Abstract 1171: Greater Negative Emotional Profiles in Young Women Compared to Young Men Following Coronary Heart Disease Diagnosis
Background: Young women with coronary heart disease (CHD) represent an extreme phenotype with a worse prognosis than similarly aged men. Understanding what differentiates these young women may identify new targets to improve their treatment and outcome.
Methods: We examined clinical and psychosocial factors among cases of early onset CHD for women age <55 yrs and men age <45 yrs, and similarly aged controls without CHD, participating in the ADVANCE (Atherosclerotic Disease, VAscular functioN, and genetiC Epidemiology) Study at Kaiser Permanente of Northern California and Stanford University Medical Center from 1999 –2003. Data were obtained by self-report and electronic health plan databases.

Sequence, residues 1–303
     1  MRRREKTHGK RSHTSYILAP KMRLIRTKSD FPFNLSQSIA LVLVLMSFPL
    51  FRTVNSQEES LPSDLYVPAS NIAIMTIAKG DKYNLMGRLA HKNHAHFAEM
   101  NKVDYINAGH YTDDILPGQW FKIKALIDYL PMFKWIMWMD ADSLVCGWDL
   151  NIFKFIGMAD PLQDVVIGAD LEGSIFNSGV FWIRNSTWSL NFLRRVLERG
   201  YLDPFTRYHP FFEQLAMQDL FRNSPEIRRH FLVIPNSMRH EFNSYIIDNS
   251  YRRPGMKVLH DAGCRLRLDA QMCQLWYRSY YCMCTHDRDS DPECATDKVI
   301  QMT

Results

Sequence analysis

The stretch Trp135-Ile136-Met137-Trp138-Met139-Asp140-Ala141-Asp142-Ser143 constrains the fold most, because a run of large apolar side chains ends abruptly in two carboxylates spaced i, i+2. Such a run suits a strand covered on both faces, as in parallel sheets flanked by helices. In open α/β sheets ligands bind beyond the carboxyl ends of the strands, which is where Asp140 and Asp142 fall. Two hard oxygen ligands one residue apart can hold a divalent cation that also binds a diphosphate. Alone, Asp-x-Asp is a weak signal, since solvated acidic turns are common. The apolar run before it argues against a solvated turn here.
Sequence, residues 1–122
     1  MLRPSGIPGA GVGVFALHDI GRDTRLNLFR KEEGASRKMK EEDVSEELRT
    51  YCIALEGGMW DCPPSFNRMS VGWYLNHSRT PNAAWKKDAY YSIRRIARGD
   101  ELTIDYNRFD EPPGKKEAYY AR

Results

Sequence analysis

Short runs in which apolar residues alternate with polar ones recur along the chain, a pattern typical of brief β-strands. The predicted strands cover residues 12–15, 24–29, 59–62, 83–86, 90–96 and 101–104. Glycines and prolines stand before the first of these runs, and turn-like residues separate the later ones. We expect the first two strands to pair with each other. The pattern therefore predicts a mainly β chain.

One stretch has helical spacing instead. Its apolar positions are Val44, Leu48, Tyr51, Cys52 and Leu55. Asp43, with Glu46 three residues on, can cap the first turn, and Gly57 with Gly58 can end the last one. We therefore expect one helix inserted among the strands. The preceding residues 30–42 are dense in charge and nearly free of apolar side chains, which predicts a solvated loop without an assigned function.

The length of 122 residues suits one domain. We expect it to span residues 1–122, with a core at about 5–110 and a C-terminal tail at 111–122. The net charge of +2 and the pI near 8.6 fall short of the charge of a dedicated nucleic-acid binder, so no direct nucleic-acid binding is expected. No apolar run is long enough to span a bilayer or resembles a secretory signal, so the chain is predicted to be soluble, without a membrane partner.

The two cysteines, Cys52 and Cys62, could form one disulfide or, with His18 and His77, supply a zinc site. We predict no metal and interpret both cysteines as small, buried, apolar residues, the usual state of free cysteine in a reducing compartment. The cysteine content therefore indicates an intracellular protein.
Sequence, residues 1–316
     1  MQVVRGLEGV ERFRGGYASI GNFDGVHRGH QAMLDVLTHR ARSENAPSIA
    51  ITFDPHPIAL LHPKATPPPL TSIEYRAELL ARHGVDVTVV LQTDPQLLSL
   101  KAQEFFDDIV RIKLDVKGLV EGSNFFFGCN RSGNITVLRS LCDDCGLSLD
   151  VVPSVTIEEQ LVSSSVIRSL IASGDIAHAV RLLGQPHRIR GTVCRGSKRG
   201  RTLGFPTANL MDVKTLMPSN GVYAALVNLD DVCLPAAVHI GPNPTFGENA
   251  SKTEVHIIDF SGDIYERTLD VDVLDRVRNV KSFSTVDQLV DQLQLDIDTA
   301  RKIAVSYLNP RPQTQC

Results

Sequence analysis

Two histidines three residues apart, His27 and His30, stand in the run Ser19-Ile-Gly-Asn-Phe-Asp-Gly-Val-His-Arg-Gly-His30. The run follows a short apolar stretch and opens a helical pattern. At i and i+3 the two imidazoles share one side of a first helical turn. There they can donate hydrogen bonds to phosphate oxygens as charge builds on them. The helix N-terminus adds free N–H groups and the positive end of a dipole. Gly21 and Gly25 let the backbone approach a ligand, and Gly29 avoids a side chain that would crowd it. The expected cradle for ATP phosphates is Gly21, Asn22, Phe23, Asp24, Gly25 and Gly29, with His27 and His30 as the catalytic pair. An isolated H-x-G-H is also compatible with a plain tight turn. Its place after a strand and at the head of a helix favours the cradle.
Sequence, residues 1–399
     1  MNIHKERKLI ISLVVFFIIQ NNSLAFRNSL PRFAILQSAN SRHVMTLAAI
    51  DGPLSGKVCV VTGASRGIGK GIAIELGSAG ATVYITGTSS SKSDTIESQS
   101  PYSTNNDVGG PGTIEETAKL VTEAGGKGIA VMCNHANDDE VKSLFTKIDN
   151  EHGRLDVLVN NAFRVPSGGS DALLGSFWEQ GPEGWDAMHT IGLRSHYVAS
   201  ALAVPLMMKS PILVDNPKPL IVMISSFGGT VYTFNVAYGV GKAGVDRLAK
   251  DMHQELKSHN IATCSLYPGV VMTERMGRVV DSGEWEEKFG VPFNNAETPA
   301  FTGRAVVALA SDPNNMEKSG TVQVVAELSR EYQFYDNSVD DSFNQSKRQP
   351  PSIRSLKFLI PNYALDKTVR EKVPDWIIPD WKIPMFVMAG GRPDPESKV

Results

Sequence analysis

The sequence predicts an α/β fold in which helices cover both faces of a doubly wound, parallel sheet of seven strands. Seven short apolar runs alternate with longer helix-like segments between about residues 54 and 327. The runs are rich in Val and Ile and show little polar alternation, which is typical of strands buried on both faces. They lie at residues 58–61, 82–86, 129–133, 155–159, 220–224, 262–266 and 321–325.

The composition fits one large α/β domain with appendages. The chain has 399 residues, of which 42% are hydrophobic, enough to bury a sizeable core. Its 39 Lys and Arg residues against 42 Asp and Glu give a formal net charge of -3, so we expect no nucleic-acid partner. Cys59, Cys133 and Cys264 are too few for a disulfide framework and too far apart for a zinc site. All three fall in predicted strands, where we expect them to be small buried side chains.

Results: Women with early onset CHD were more likely than men with early onset CHD to have diabetes, obesity, and a family history of premature CHD (all p<0.05), but there was no sex difference in dyslipidemia, hypertension, or smoking. As detailed in the table⇓, female cases were more likely than male cases to report a history of depression, being stressed, hostility, and poorer general health. Further, female cases were more likely than female controls to report anxiety, stress, anger, and hostility, while these differences were not seen between male cases and male controls. Separate sex-specific logistic multivariate analyses were performed to explore the relationship of psychosocial factors and case status after controlling for the CHD clinical factors listed above. A history of depression (OR 1.01, 95% CI 1.002 to 1.02) and poorer general health (OR 1.68, 95% CI 1.14 to 2.48) were both independent psychosocial predictors of early onset CHD among women, whereas there were no clear predictors among men.
Conclusions: Young women with CHD demonstrate significantly worse psychosocial health than female controls and young men with CHD. This may contribute to their worse prognosis and should be a focus of further investigation.